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Contact Your Congressperson: Demand M3 Reporting

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April 21, 2009 – Comments (4)

On March 9, 2006 the Federal Reserve discontinued reporting of M3. Below I have copied a transcript from an exchange between Dr. Paul and Chairman Bernanke on February 29, 2006.  During the exchange, Bernanke stated that they would bring M3 back if Congress requested.  After reading the exchage, I'll present an argument for returning M3 reporting, and ask you to call Bernanke's bluff.  Contact your representative (instructions at the bottom) and ask them to support H.R. 1207 (Audit the Fed) and a return of M3 reporting. 

Federal Reserve Statement on M3:

"M3 does not appear to convey any additional information about economic activity that is not already embodied in M2 and has not played a role in the monetary policy process for many years. Consequently, the Board judged that the costs of collecting the underlying data and publishing M3 outweigh the benefits."

Transcript of Paul-Bernanke Exchange:

Chairman OXLEY. The gentlelady yields back. The gentleman from Texas, Mr. Paul.

Dr. PAUL. Thank you, Mr. Chairman. Thank you, and welcome, Chairman. Mr. Chairman, I was very pleased with what you said about your support for transparency, and I want to ask a question dealing with that. Also, at the bottom of page 8, you said something that I thought was very important, where you said that the Federal Reserve, together with all other central bankers, has found that successful policy depends on painstaking examination of a broad range of economic and financial data, and I also think that’s very important. There is a famous quote by an economist, which I’m sure you’re familiar with, that inflation is always and everywhere a monetary phenomenon. And likewise, another famous economist from the 20th Century, and I’ll paraphrase this, said that monetary authorities deliberately confuse the issue of inflation by talking only about price increases. Yet it’s the price increases which are merely the inevitable consequence of inflation. This is done on purpose to distract from the real cause, which is the increase in the quantity of money and credit. And I notice in your report to the Congress, you do report M2, and it went up last year at four percent. And M3 was not mentioned, other than the fact that it won’t be reported any more. M3, interestingly enough, went up twice as fast, and M3 is going up probably more than two times as fast as the GDP. And this is information that I consider important and I know a lot of other economists consider important. And I find it rather interesting and ironic that one of the reasons that the Federal Reserve has given – of course, this was before you were the chairman – for this change is the fact that it costs money; it costs too much money. Now that is really something in this day and age, especially since the Federal Reserve creates their own money and their own budget and they have essentially no oversight, and all of a sudden it costs too much money to give us a little bit of information. So that to me is a bit ironic that this information will not be available to us. And my question to you is, would you ever reconsider this policy of denying this information to the Congress just so that we have another tool to analyze what’s going on with monetary policy? It seems like with your support for transparency, this should be something that you would heartily support.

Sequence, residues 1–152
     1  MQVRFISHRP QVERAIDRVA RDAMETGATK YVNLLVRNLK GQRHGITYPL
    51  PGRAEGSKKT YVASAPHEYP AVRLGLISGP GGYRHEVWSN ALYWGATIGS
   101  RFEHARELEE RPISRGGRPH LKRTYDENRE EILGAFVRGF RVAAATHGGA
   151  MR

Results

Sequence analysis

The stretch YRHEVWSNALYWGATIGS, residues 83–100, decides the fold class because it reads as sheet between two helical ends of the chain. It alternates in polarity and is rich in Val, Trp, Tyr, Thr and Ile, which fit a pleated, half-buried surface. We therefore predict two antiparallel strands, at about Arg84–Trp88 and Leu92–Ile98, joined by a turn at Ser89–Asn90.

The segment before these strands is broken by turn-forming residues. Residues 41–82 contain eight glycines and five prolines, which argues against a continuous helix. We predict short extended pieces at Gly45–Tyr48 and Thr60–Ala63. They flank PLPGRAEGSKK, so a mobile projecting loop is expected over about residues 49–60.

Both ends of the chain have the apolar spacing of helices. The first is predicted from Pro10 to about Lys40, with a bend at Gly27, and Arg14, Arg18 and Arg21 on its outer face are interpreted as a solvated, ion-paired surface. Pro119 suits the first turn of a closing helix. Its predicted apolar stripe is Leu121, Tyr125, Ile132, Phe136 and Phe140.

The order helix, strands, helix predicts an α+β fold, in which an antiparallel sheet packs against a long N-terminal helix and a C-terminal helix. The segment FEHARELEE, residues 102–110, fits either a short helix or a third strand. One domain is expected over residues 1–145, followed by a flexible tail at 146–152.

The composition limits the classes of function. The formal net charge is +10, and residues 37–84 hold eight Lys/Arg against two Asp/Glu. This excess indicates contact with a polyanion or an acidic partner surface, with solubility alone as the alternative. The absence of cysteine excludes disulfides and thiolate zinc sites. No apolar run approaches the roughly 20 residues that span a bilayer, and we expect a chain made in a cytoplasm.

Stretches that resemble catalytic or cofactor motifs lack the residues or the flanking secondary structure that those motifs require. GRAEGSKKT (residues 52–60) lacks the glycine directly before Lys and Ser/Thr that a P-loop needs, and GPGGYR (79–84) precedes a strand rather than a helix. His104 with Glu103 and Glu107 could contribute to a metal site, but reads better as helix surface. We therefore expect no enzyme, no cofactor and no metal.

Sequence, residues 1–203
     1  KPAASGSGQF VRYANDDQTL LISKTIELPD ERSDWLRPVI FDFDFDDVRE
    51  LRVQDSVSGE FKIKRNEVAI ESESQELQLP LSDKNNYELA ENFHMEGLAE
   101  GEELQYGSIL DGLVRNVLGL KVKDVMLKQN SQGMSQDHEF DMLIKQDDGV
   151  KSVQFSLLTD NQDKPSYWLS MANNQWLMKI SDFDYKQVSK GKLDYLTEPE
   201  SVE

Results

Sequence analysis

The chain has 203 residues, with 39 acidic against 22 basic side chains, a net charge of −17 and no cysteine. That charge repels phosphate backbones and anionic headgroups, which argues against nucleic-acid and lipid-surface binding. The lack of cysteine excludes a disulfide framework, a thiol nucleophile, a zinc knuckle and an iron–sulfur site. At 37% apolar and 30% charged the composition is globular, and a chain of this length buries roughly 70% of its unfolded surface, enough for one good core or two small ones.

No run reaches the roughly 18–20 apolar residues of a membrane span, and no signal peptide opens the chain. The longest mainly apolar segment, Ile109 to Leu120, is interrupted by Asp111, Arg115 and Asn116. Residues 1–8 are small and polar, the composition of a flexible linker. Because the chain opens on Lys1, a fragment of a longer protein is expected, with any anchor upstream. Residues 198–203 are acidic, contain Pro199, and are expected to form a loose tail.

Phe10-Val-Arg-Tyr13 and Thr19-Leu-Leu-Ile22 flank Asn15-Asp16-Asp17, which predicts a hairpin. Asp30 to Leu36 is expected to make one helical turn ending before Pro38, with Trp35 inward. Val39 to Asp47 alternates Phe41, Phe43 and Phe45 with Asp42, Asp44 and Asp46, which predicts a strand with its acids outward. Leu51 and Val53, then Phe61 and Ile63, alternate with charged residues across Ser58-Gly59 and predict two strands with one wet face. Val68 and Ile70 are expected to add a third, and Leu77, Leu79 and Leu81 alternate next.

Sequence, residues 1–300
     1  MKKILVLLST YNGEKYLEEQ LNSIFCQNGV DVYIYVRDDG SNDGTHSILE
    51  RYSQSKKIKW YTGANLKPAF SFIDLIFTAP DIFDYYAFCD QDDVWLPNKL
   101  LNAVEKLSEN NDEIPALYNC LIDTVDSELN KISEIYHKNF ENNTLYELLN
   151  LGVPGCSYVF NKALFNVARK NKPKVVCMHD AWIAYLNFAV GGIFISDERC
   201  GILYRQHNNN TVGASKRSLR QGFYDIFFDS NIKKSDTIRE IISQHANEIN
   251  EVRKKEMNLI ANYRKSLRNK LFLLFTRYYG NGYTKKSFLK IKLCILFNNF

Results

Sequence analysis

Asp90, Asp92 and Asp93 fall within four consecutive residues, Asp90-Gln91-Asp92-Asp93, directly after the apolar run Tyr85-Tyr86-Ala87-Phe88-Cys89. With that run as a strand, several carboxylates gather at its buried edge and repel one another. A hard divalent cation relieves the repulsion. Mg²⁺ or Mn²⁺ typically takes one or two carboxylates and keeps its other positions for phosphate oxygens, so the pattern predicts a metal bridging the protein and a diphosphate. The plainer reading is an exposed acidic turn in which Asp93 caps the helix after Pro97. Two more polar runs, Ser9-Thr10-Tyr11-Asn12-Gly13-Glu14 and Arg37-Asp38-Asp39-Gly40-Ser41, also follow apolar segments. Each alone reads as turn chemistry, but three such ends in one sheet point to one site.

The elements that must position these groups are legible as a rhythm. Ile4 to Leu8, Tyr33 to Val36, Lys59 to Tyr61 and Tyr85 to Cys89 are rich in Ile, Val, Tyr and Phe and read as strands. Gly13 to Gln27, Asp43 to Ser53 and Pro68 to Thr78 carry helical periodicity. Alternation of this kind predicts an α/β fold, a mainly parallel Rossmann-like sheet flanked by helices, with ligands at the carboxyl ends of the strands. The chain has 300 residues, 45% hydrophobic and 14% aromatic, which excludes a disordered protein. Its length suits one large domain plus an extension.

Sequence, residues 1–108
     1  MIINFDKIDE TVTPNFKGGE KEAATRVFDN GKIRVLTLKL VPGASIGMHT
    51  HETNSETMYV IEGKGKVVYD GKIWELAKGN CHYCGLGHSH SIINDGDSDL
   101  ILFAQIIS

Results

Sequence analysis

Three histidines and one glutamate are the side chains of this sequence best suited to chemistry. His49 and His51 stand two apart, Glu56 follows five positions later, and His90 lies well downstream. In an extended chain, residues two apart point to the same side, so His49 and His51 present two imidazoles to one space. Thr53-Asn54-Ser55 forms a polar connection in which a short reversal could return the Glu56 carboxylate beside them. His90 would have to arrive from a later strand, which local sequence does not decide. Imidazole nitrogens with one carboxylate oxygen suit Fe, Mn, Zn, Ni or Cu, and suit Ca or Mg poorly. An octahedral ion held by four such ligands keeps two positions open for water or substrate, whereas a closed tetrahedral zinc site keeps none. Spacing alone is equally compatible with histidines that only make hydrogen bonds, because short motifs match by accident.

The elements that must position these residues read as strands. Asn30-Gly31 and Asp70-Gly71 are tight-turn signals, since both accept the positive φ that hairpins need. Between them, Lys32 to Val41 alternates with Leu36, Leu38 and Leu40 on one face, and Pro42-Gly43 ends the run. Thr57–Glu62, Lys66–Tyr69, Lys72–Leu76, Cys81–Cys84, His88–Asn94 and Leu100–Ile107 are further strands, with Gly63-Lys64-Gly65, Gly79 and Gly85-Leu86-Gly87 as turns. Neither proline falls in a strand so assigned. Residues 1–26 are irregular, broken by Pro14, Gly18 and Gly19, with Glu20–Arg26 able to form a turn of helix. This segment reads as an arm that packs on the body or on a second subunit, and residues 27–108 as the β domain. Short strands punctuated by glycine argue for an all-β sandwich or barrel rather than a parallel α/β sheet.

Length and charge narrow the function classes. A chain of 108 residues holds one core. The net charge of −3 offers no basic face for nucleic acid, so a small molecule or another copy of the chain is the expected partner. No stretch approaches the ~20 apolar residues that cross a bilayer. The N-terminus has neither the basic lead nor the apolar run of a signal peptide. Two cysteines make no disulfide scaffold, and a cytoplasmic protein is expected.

Mr. BERNANKE. Congressman, first, you’re absolutely right. We do look at a wide variety of indicators, and money aggregates are among those indicators. In particular, M2 has proven to have some forecasting value in the past, and I think the slowdown this year is consistent with the removal of accommodation that’s been going on. In regard to your references to M3, a still broader measure of money, we have done, and I’m now speaking about the Federal Reserve before my arrival, but we have done periodic analyses of the various data series that we collect to see how useful they are. And our research department’s conclusion was that M3 was not being used by the academic community, nor were we finding it very useful ourselves in our internal deliberations. Now it’s not just a question of our own cost; although, of course, we do want to be fiscally responsible on our own budget, but it’s also I think important for us to recognize the burden that’s placed on banks that have to report this information. And so when we can reduce that burden, we would like to do so. And that was one of the considerations in the decision that was made about M3. Would we reconsider it? If there were evidence that this was an informative series and that it was useful to the public and to the Federal Reserve in forecasting the economy, naturally we would look at it again. There’s nothing dogmatic going on here.